1. Start-up and preliminary set-up
2. Specify element type and constants
3. Specify material properties
4. Specify geometry
5. Mesh geometry
6. Specify boundary conditions
8. Postprocess the results
9. Validate the results
Problem Set 1
Problem Set 2
This is an introductory tutorial on the ANSYS software package that details how to solve a simple static truss problem. No previous knowledge of ANSYS is assumed in this tutorial.
Determine the force in each member of the following truss using ANSYS 12.1. Indicate if the member is in tension or compression. The cross-sectional area of each member is 0.01 m, the Young's modulus is 200x109 N/m2 and Poisson ratio is 0.3.
The solution in ANSYS for this and subsequent tutorials is divided into the nine steps listed in the grey area above. Note that you'll need to follow these same nine steps for solving almost any problem in ANSYS or a comparable finite-element analysis package.
Step 1: Start-up & preliminary set-up
Take a few minutes to review the conventions used in the tutorials which are given on the main page.
Create a folder called ansys at a convenient location. We'll use this folder to store files created during the session.
There are two ways to launch ANSYS.
- Using the ANSYS Product Launcher is the elegant way to start ANSYS. One specifies the working folder, job name etc. in the Product Launcher. We will use this approach below.
- One can alternatively start the ANSYS graphical user interface (GUI) directly and then set the jobname etc. within the GUI. This can be messy with the beginner often not sure where the files from the session are being stored. This is not the recommended way to start ANSYS.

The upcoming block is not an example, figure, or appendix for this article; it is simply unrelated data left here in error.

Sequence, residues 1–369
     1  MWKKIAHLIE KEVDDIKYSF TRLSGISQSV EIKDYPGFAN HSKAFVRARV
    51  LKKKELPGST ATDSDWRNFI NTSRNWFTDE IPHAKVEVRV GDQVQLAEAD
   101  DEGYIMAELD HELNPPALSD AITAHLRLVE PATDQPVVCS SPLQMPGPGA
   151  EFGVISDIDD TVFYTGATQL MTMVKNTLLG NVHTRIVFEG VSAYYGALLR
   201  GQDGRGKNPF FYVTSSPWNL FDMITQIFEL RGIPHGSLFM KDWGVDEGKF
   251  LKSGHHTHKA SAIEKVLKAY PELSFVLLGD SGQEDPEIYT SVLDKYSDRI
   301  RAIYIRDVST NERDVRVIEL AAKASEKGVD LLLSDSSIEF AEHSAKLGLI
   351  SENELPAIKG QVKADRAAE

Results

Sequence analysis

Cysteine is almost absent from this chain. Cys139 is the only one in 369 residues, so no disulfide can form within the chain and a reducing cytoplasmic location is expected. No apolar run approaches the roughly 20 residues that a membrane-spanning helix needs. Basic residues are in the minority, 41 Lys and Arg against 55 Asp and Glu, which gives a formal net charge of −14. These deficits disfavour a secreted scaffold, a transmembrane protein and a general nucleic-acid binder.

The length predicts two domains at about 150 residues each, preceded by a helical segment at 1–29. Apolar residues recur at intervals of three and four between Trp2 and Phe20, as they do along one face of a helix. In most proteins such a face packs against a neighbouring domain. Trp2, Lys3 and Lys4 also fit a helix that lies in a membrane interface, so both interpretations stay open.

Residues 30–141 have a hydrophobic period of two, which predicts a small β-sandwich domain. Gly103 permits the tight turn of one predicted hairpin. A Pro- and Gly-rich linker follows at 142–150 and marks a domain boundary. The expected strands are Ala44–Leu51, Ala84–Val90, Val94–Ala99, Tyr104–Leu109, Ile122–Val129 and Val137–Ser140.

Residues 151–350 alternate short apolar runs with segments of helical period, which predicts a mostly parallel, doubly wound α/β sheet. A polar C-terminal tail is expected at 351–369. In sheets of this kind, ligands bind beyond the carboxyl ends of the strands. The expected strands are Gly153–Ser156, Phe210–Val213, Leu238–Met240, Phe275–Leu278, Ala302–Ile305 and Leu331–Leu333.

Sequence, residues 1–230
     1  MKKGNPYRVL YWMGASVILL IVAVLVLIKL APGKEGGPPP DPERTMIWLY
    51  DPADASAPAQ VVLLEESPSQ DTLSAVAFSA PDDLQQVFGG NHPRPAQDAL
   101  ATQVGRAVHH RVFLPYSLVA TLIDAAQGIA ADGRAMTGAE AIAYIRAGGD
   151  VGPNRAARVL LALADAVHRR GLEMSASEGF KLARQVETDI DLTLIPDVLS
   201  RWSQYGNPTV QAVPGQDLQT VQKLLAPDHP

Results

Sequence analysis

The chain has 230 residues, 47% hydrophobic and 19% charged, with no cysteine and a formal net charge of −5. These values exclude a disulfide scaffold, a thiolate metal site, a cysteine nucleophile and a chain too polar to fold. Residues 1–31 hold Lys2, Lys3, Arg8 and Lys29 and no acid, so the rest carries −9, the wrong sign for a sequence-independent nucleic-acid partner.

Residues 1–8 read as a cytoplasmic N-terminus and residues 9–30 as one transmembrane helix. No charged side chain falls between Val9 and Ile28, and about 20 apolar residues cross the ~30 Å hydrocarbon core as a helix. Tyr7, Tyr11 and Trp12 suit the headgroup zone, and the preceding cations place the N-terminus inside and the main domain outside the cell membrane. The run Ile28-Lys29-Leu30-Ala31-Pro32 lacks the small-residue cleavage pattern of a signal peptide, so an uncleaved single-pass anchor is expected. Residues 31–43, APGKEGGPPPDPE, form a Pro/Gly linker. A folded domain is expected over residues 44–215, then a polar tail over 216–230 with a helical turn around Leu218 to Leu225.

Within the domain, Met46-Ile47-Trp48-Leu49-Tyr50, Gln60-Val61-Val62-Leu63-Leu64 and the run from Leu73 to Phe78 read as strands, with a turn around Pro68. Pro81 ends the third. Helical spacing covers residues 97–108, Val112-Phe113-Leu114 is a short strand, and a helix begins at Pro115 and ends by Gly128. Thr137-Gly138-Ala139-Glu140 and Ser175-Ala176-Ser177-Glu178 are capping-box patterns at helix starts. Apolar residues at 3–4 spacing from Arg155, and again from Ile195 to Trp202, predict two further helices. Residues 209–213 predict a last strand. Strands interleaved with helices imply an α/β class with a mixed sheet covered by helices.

Start the ANSYS Product Launcher from the Start menu. The usual location is:
Start > All Programs > ANSYS 12.0 > Mechanical APDL Product Launcher
Note that in version 11, it is at
Start > Programs > ANSYS 11.0 > ANSYS Product Launcher
In the window that comes up, enter the location of the folder you just created as your Working Directory by browsing to it. If you specify, say, C:\ansys as your working directory, all files generated during the ANSYS run will be stored in this folder.
truss as your Job Name. The job name is the prefix used for all files generated during the ANSYS run. For example, when you perform a save operation in ANSYS, it'll store your work in a file called truss.db in your working directory.
Click on Run. This brings up the ANSYS interface. To make the best use of screen real estate, move the windows around and resize them so that you approximate this screen arrangement. This way you can read instructions in the browser window and implement them in ANSYS. Note that this tutorial has been formatted to fit in a skinny browser window. If your monitor screen is small, you can use Alt+Tab keys to conveniently switch between the ANSYS and browser windows (this trick works in Microsoft Windows).